In the IT industry, open source is an acknowledged development principle for software that uses peer review and transparency of the development process. The promise of open source is better quality, i.e. higher reliability, more flexibility, and lower cost, among others.
Now, this principle is spreading to the life sciences. For one, there is the Open Source Sensing Initiative which is trying to apply a bottom-up, decentralized approach to the development of sensors for security and environmental purposes. Read more…
The initiative argues that huge economic, environmental, health, and security benefits can be expected from the coming “Sensor Age” – if these devices are accepted by the public. At present, people are skeptical for fears of a „surveillance society“, and therefore a long and expensive battle is looming between those using sensors to collect data and those whose data is being collected.
The Open Source Sensing Initiative however, a project of the US-based Foresight Institute proposes to apply the tools of open source software to sensor development, to advance the immense practical benefits for health, the environment, and safety, without crossing the line into unnecessary total disclosure of every aspect of individuals’ lives. It believes, that open source development can reduce this conflict to accelerate a solution accepted by the public. At present, project proposals for the development of various sensors are under discussion.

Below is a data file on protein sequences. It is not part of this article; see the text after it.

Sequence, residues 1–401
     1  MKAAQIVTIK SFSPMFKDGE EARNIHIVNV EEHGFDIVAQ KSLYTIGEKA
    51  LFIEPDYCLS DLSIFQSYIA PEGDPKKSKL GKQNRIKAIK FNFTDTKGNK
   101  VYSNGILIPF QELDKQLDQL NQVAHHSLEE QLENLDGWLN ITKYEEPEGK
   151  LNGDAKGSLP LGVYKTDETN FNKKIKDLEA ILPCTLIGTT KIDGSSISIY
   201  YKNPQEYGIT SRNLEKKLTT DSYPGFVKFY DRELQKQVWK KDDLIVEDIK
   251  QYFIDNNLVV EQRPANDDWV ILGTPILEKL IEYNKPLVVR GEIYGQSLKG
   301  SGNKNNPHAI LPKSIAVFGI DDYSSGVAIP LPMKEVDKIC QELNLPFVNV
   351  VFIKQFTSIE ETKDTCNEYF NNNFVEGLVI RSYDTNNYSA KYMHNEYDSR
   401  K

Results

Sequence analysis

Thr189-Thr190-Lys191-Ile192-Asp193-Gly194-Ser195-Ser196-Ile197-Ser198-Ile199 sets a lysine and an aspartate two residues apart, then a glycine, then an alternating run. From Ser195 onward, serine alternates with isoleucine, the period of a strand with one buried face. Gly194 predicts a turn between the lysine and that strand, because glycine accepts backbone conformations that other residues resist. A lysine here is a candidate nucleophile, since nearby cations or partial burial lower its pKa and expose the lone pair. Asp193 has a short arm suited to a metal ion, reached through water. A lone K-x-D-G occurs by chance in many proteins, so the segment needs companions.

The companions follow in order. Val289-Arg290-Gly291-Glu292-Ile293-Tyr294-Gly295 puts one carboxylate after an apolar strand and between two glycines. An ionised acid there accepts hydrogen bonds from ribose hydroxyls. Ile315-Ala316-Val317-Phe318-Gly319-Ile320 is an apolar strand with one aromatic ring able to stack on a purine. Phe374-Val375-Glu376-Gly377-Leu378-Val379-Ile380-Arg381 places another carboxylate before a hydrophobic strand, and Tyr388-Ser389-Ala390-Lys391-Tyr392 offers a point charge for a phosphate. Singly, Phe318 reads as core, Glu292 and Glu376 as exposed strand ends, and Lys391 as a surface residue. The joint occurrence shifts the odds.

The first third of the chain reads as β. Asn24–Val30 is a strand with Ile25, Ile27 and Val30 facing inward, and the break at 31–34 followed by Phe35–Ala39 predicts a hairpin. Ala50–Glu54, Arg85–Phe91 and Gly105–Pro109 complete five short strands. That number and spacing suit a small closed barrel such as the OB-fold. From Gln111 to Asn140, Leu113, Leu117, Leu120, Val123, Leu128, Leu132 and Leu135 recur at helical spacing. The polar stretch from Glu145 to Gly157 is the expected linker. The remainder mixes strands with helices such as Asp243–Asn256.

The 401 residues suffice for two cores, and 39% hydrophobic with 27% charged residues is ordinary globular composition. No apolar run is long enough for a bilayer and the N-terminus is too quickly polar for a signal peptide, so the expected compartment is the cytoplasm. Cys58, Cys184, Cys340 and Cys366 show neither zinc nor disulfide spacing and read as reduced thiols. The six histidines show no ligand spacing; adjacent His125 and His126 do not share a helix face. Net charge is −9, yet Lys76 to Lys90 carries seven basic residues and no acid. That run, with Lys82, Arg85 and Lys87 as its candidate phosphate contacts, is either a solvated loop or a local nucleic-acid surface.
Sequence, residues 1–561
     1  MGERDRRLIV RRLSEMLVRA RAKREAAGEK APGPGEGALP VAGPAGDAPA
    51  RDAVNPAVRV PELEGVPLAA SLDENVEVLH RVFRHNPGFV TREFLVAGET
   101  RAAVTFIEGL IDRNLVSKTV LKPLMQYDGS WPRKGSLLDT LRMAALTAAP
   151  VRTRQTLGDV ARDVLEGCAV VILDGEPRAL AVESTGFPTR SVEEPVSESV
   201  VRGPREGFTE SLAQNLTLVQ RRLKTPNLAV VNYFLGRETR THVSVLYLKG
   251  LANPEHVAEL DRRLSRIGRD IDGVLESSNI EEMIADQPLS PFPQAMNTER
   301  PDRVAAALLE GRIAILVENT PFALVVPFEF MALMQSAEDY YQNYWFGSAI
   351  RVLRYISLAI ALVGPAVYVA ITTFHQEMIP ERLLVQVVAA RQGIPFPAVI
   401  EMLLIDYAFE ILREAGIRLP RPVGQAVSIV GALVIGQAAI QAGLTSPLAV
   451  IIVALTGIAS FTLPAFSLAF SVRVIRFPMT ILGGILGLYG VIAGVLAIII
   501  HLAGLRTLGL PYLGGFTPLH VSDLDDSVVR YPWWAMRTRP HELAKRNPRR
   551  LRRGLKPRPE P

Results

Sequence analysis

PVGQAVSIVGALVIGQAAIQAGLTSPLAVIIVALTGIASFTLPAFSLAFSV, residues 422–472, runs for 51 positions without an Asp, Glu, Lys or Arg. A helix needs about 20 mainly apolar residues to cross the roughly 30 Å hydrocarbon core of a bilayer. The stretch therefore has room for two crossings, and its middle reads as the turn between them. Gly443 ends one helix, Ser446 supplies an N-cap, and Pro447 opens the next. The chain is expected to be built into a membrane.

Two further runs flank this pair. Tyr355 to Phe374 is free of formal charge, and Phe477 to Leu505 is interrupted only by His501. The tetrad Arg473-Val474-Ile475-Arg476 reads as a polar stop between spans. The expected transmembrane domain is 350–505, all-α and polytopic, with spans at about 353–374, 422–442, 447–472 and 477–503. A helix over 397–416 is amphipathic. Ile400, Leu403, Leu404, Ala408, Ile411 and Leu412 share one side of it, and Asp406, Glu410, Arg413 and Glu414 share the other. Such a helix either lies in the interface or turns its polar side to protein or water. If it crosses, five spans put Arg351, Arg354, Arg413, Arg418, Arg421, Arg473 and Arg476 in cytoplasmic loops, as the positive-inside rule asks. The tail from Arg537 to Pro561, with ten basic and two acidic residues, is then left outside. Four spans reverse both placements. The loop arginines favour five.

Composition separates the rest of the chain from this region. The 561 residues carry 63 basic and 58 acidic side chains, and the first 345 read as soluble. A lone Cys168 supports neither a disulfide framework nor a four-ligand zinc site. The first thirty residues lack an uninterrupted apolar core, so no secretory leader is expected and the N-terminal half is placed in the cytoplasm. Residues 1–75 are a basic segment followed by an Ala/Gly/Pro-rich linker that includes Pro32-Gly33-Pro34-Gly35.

Another initiative is the Canadian-based Pink Army Cooperative which aims to apply open source development principles to the design of novel breast cancer drugs. Pink Army plans to use synthetic oncolytic viruses, based on JC virus which it wants to adapt to the individual genetic makeup of a patient. According to Pink Army, each design would constitute a unique personalized drug to be tested in a single person (n=1) phase I clinical trial.
Pink Army aims to team up with suppliers of synthetic genes, namely German-based GeneArt for the synthetic viruses and refers to companies and organizations providing and developing personalized therapeutic recommendations (e.g. CollabRx or Sage BioNetworks) or providing platforms for patients to exchange information about personal experiences with certain diseases and treatments (e.g. CureTogether or PatientsLikeMe). These platforms already are used by some pharma companies to recruit patients.
While it is too early to judge whether the open source approach will be as successful in the life science as it has been with software, the projects clearly demonstrate that people are beginning to take seriously the concept of personalized medicine and that there are a lot of individuals willing to embrace this concept.